Wielding his stubborn brush,
Creating a beauty in colour and shade.

Sea splashes and hazy rain on his
Jacket reflecting the sunbursts and
Glinting, glinting..

Now and then a melody on the wind
A piano – In this wind,
I raise my field glasses

And there in the distance a large house
Still larger windows, - overlooking the sea,
There she is ---Playing at her piano.

No wonder the Irish have stories about
Banshees and goolies and things that go
Bang – in the Knight ---‘Knight?’

‘Oh’ yes dear lady. A Knight, I hear you say,
‘Oh yea’, ‘Oh yea’, It was a knight,
Riding the biggest Sea Horse you ever saw.

A magic carpet of green.
Each time I step on it I hear another Legend.

I should
have stayed in bed.

Mike -------I think

Julie and Peter Hope you find your
Green field, yea I’m sure you will

Mike Gorman, at the roadside.
St. Valentine’s Day ‘07

This is another one of Mike’s poems, an homage to his hero, I think?


Ben Bul Bin, I am here
Not to see you did I come,
To see a friend at Drumcliffe,
To get some business done.

I feel the pull towards you come
When I enter your domain,
That towering mount above me
The footprint of Ben Bul Bin.

The awesome presence I felt, therein
Ben Bul Bin, when I came
The footprint of the ice is there
So glad am I to feel your name.

Names and stories of the past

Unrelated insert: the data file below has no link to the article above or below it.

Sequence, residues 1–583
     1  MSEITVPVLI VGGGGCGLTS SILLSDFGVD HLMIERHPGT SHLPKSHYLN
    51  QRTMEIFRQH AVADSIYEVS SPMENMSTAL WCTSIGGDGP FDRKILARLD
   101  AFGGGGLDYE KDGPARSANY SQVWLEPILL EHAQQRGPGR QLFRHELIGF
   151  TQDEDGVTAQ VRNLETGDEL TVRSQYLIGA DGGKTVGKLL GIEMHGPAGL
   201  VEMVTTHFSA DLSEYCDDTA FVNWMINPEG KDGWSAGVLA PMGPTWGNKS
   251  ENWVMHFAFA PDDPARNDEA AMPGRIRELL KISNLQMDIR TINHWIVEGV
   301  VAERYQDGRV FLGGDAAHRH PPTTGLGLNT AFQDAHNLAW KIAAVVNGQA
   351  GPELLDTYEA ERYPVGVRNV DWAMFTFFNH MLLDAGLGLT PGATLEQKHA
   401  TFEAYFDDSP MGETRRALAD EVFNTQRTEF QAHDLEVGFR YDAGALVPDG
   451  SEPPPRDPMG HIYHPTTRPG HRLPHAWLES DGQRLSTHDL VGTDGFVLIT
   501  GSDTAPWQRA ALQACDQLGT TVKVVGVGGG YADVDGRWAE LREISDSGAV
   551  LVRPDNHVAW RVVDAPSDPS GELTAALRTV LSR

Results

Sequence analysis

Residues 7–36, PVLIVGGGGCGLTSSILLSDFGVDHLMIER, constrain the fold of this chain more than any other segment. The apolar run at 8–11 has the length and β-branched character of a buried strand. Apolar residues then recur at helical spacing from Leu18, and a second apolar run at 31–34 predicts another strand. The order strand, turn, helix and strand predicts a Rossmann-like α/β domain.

Call out to me, I feel them,
I can’t ignore these feelings now
As I gaze on you Ben Bul Bin

Now to your home I came my friend
To learn your ill therein,
So no approach, I’ll make tonight
I’ll turn towards Ben Bul Bin.

I cast my shadow at your door
I’d like to say hello,
To leave you in Peace, tonight my friend
Towards Ben Bul Bin I go.

Ben Bul Bin, I am here
Not to see you did I come,
To see a friend at Drumcliffe
To get some business done.

WB Yeats is buried in the cemetery at St Columba’s Parish church in Drumcliffe under the shadow of the mountain Ben Bulben near Sligo. His Self-penned epitaph on his grave reads –

Cast a cold Eye
On Life, on Death
Horseman, pass by!

Some time later I visited and read some of Yeats’ poetry, I particularly like this one –

Men Improve with Years

I am worn out with dreams;
A weather-worn, marble triton
Among the streams;
And all day long I look
Upon this lady's beauty
As though I had found in a book
A pictured beauty,
Pleased to have filled the eyes
Or the discerning ears,
Delighted to be but wise,
For men improve with the years;
And yet, and yet,
Is this my dream, or the truth?
O would that we had met
When I had my burning youth!
But I grow old among dreams,
A weather-worn, marble triton
Among the streams.

The weather took a turn for the worse on our way round the coast, blowing a gale and raining stair-rods so we unfortunately didn’t manage to go and pay homage Yeats’ grave.

We stopped in Bundoran to get some milk and bread etc and were advised by the woman in the shop “not to stop and camp in Bundoran or we’d get ‘riddled’”!! We were not too sure what this meant, but decided not to hang around and find out. We managed to find a pitch at a campsite that was closed but they let us stay on their hard standing seeing as how we are self-sufficient. Pretty uninspiring and unwelcoming really!!

The next place we stopped, Ballycroy Co. Mayo, was much better. We had to stop on the way as the weather continued to worsen and we took stopped at Cleary’s pub and grocer shop and were permitted to pitch up in their car park for the night, just as the storm came to a head with thunder and lightning above our heads. We had tea then spent the evening in the pub playing pool and drinking Smithwicks!!
Cleary's bar and grocery shop with Ballycroy Post Office at right angles!
Irish Post Offices, post boxes and vans are green!